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Weyland

The "LOST" HSK Vocab (pre-2010 HSK Vocab) [Pleco Flashcards]

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Weyland

People often begrudge the fact how the Old HSK (pre-2010) was more difficult, and thus better, than the contemporary one.So, I went out of my way of creating a Pleco Flashcard list of all the vocabulary that was omitted from the current HSK. Here you go;  The LOST HSK Vocab.txt

There are a total of 4,150 original cards, with a total of 4,189 cards. There are 39 card copies due to how some of these are grammar entries such as "连...都...", which got condensed to just "连” which I chose to keep in there. The cards are divided over 4 categories, where the number at the end represent the amount of cards and percentage omitted from the current HSK;

 

  1. Basic (1033 - 782 = 251 cards lost / shrank by 24.3%)
  2. Elementary ( 2019 - 1309 = 710 cards lost / shrank by 35.2%)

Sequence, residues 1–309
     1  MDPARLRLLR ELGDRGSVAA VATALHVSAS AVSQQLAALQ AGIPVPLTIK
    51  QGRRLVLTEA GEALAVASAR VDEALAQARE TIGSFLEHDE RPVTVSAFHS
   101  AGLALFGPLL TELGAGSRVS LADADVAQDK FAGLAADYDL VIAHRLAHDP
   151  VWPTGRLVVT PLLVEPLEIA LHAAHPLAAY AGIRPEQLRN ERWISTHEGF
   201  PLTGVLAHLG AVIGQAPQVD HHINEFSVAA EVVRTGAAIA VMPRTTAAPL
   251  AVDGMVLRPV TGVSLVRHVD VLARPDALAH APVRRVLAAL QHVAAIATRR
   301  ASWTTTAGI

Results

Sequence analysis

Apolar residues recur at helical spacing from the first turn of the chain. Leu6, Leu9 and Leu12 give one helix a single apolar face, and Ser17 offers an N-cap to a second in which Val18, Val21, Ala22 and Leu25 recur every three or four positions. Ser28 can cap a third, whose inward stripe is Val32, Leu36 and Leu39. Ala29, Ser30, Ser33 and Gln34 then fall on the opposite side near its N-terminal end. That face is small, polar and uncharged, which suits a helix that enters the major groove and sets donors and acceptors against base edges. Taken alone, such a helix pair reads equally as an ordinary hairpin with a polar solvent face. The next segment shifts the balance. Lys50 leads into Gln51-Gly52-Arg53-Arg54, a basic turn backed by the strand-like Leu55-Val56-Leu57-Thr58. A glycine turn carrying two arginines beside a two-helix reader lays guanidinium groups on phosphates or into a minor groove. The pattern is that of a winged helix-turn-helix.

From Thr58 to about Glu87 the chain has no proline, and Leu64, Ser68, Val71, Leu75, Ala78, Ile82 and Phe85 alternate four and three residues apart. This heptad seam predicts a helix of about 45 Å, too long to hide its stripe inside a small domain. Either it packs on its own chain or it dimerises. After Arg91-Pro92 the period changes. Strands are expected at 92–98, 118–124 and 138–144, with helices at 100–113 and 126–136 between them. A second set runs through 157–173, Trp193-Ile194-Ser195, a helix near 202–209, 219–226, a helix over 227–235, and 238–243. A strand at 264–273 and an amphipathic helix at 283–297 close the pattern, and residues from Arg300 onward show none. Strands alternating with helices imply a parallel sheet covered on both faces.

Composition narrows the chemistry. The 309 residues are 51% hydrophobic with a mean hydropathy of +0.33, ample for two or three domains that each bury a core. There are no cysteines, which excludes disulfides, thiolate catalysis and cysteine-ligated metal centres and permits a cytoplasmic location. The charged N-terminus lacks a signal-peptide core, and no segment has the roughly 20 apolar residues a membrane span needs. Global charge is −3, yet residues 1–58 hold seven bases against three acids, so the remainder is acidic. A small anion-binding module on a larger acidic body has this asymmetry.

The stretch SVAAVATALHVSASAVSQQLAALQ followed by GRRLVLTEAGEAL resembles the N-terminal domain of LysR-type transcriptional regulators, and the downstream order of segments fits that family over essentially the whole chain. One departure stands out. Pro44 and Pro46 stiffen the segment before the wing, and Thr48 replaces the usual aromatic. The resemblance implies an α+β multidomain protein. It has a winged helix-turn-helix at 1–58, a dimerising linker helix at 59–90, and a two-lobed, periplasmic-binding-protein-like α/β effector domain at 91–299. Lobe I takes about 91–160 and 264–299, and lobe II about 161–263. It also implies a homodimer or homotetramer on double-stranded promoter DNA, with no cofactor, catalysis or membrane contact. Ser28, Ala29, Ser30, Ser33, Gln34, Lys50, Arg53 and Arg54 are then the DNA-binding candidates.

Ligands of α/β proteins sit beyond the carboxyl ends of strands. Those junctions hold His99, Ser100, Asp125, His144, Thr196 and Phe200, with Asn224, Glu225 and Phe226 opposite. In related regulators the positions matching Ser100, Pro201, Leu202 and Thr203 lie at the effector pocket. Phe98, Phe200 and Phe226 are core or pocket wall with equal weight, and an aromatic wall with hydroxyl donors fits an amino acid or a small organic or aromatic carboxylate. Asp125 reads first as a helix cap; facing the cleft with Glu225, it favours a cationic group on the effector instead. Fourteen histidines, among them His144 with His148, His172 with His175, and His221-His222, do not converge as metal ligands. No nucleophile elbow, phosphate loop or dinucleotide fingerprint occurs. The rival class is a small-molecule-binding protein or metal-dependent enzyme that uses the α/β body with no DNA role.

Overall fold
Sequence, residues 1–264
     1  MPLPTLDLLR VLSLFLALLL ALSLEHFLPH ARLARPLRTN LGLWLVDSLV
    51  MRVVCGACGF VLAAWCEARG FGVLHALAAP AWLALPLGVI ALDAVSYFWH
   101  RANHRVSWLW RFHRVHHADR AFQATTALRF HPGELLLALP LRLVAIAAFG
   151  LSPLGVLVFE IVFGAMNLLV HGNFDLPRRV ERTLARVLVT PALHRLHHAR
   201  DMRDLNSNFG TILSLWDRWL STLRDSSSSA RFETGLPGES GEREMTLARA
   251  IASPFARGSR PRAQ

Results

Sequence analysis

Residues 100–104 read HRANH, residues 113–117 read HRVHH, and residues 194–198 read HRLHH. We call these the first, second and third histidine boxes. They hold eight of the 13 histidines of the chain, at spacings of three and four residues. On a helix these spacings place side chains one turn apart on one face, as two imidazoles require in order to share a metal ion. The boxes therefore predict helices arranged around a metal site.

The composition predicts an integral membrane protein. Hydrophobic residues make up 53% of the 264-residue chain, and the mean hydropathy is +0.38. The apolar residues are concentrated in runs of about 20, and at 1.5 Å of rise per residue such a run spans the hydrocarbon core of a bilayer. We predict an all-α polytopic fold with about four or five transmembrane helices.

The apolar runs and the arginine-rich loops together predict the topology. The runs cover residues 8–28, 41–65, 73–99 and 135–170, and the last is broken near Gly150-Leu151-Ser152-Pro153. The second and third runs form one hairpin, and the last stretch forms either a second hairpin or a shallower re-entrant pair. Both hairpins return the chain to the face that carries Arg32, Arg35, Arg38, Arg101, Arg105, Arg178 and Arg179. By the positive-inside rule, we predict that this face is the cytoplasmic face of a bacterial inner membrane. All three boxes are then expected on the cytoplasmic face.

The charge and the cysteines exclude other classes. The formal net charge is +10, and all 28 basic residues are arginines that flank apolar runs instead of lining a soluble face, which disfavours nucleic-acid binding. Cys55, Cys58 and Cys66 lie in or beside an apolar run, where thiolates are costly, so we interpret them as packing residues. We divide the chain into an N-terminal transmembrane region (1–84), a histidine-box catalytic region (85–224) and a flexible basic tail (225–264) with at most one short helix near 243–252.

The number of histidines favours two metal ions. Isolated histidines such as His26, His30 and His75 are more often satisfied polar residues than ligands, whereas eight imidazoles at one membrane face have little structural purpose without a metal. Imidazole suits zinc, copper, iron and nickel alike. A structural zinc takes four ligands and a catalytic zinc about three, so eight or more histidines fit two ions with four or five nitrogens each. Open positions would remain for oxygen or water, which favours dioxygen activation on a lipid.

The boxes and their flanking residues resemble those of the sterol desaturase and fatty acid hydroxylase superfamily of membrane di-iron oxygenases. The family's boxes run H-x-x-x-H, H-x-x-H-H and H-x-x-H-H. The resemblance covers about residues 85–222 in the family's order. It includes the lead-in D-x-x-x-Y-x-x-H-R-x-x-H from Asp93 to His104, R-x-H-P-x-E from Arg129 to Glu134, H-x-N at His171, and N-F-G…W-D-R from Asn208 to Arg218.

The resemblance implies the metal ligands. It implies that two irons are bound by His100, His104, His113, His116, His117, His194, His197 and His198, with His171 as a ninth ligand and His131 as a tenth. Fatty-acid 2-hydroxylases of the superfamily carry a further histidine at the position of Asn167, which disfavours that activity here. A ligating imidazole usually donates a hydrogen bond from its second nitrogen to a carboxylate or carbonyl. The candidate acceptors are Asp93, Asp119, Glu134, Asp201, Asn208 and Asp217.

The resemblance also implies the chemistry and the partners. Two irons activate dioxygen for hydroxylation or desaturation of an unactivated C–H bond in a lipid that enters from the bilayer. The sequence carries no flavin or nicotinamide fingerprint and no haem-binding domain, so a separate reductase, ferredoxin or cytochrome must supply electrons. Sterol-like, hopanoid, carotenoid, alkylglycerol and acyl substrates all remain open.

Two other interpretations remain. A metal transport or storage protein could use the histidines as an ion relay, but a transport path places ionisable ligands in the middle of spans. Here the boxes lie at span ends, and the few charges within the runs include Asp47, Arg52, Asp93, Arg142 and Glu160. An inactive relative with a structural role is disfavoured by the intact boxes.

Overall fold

3. Intermediary (2205 - 1118 = 1087 cards lost / shrank by 49.3%)
  4. Advanced (3583 - 1442 = 2141 cards lost / shrank by 59.8%)


So, in total the amount of cards shrank by 47.4%. That being said we did get a collection of 506 new vocab in the current HSK. Though, if you add on the expanded vocabulary of the BLCUP HSK6 materials, of which I made a flashcard collection here, that number goes up to 739 vocab specific to the new HSK. 

A lot of the words in the OLD vocabulary that got omitted are nouns, and especially in the Basic /Elementary sections most of this vocabulary would be covered by lesson material or be so prevalent that it'd be almost impossible to miss out on.